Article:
sengelbr: Nice concept but simply isn't useful for a few reasons. The first nylon filter is practically useless for two reasons: 1) it is way too coarse to catch the finer synthetic lints that clogs up a septic, and 2) the length is irrelevant because the end will plug up first creating a ball that seals the hose...in other words all that filter "length" is useless because it simply becomes plugged at the end.
You also have to take this whole thing apart just to see if it's plugged - a major waste of time and effort. And depending on your situation (e.g. if you have pets and pet hair all over your clothes, if you work with wallboard or concrete that gets into your clothes, lots non-soluble particles like synthetic fibers in many clothes) you will be checking this thing at every other wash cycle. In many homes Moms do the family laundry every few days - I can't imagine them taking this Frankenstein system apart every other day.
Keep in mind if the filter is only slightly clogged it will create back pressure and shorten the life of the water pump in the washing machine. (And any money you saved with this DIY filter will be spent getting the washer fixed!)
You really need a clear filter housing that you can see is draining correctly and allows you to inspect the filter with, along with a filter that will trap the particles I mentioned above, otherwise you're not really capturing the particles that damage your septic making this a big waste of time and money.
sg1efc: Great idea, Thanks.
HillOrStream: Still using this. As Eric suggested below, I drilled out my stripped screw holes and installed #10 threaded rod into the holes so I could use wing nuts for easier serviceability..
Hyster83: 3 minute video done in 15
Alexplorer: Before I switched to panty hose, I was using a coarse plastic mesh filter. It had larger holes than the panty hose, yet it worked like a beaver dam: caught a few bits of large debris, then it became almost completely sealed after that. I switched to the pantyhose because they were longer, which made it easier to clamp them to the hose and leave room for the water to through more than just the end of the stocking. Currently, I'm doubling two hose. Will report any improvement.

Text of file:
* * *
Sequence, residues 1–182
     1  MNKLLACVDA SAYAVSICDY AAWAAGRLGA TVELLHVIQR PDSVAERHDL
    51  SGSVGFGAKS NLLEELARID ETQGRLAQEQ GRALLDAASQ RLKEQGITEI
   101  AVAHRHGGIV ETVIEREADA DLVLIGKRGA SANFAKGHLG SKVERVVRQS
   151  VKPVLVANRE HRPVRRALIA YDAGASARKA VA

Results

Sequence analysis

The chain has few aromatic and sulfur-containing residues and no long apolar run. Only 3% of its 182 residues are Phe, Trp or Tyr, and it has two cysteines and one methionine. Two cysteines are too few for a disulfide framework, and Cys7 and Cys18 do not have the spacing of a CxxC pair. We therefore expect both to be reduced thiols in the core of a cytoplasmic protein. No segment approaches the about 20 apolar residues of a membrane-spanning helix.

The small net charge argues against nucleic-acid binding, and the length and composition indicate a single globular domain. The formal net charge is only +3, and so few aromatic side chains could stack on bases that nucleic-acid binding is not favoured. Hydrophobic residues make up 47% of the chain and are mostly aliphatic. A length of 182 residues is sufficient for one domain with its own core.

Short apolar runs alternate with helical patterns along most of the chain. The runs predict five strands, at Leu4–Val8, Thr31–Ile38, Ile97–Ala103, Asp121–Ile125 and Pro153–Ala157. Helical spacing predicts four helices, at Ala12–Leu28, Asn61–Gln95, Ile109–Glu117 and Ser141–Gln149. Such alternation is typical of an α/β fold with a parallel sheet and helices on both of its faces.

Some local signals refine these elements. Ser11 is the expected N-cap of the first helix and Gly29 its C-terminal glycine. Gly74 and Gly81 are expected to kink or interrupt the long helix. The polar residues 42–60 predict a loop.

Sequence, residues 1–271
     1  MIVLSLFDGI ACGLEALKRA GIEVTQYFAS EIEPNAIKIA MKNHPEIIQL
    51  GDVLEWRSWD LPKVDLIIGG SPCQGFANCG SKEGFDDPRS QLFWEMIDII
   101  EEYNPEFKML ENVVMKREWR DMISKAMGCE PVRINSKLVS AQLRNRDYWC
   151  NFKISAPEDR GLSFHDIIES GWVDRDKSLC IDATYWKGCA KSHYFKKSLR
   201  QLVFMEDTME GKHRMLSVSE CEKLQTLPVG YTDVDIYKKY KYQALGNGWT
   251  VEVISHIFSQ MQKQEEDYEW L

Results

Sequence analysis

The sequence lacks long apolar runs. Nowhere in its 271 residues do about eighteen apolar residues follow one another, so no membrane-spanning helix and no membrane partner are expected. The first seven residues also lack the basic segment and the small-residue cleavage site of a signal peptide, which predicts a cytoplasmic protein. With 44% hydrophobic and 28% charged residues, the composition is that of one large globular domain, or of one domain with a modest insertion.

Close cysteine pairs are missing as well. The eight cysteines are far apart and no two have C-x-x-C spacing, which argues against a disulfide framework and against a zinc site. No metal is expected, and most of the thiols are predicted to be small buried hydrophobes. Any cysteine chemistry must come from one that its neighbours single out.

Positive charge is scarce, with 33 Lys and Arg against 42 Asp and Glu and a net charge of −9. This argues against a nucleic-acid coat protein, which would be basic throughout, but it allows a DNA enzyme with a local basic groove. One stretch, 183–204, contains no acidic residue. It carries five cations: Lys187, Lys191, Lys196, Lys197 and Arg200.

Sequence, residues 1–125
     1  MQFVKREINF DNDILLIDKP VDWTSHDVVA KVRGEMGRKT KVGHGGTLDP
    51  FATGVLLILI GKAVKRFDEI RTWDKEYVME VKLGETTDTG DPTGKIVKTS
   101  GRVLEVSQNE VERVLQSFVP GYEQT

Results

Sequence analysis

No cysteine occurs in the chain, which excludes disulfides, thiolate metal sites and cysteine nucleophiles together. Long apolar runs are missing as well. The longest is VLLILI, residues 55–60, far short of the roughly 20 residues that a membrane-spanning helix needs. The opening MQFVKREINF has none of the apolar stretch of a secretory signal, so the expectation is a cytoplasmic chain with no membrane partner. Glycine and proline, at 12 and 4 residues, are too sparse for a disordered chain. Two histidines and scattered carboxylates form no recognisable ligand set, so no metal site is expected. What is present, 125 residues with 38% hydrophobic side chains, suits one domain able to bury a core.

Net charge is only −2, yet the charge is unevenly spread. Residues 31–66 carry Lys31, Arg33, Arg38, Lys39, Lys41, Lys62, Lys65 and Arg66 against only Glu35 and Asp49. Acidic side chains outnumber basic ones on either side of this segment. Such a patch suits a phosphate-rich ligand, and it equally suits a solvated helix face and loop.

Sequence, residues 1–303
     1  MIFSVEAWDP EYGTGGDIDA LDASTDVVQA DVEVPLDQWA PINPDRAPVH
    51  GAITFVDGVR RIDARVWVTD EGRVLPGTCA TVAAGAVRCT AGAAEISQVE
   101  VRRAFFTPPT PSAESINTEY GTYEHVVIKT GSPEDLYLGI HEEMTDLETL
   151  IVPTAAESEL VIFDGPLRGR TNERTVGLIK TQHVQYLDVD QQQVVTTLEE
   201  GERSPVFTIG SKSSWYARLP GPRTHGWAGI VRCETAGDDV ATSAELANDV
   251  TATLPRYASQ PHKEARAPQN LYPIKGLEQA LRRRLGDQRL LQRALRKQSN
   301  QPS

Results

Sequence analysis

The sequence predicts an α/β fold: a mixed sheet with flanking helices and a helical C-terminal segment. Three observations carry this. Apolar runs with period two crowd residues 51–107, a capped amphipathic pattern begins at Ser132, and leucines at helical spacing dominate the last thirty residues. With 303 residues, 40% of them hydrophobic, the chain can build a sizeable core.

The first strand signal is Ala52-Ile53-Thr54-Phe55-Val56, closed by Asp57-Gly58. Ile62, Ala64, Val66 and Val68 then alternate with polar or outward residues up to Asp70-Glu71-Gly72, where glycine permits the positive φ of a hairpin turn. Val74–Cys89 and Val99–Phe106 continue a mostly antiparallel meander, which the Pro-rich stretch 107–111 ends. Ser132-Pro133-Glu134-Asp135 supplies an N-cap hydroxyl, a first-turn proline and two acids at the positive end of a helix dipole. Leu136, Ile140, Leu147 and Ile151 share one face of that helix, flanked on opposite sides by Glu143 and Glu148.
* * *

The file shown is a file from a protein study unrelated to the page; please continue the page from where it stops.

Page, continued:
HillOrStream: Has worked out pretty well for a few years now, just have to not be lazy about keeping it cleaned out every half dozen loads or so, often push it to ten which is too long. Biggest drawback to my situation is the extra lift.
HillOrStream: That is a little disconcerting. Wonder how thorough mine is with three, though more coarse, layers of filtering. Hard to really check in my instance, will have to think about some kind of temporary pipe or large diameter hose out the door. Would like to see a video on your grey water system.
Alexplorer: I do gray water, and I've found that panty hose aren't as good as you might think. They catch a lot, but I still get more than half the lint in the yard when I water. In search of an alternative right now (That's why I'm here).
enterprise59: Nice idea.. Ours goes into a 4 inch PVC pipe, down to a trap and then up again to the main 4in pipe out to our septic. Right now its a pain cause I need to reach up and pull the hose out. using a metal screen with zipties. I like the idea though of outlet box and screen that I can just remove and clean out. heh, we have same washer and dryer!
HillOrStream: This idea was for those who lack a sink, and just have a wall mounted drain. If you drain to a tub you should use the panty hose idea a couple viewers have posted.
Lori Ryan: I use knee-high panty-hose (2 of em in a pack for a buck at the dollar store). Use a thick rubber band to hold on hose. Works great, and economical at 50 cents apiece!
HillOrStream: I like the wing nut idea, especially now that one hole got stripped and I now have two dissimilar screws so now I need two tools.
Eric Meacham: Electrical junction box is a good idea , switch it over to wing nuts so you can clean it quicker . If you stop even 50% of the micro fibers youve saved replacing a septic system for years ....
Larry Russell: This is a big project for such a problem ,,
HillOrStream: @Ryan96se Good point, as I have had a few mop-ups! But you'll have a BIG problem if you let it plug and it does go down the drain. You should probably come up with some kind of fail safe, rubber bands are prone to fail if they aren't fresh. Sadly, no source of used panty hose around here. I thought up a simple time-to-service alarm for this so I don't have to rely on how it sounds (see the second video). Will probably do a third one on this if/when I make the alarm.
Ryan96se: I take women's pantyhose and rubber band it to the washing machine hose. Works really well and I haven't lost a single one down the drain. Catches everything. This design prevents the possibility of a backup in the house since the restriction is on the pump side not the drain itself.
Ryan96se: I take women's pantyhose and rubber band it to the washing machine hose. Works really well and I haven't lost a single one down the drain. Catches everything. This design keeps the possibility of a backup in the house since the restriction is on the pump side not the drain itself.
HillOrStream: Important! I found out that liquid fabric softener is another serious no-no for septic systems! Guess I'll have to use the sheets that go into the dryer instead. Of course you should also limit the use of bleach, but I also read that the scented bleaches also have a gummy component that will clog your drain field like fabric softener will.
HillOrStream: Lots of views but no comments? Would like to hear others results or alternative solutions. Note that this unit can still require cleaning after a single use if you wash something that throws off a lot of lint or is covered in pet hair.
DIY Washing Machine Discharge Lint Filter5
out of 5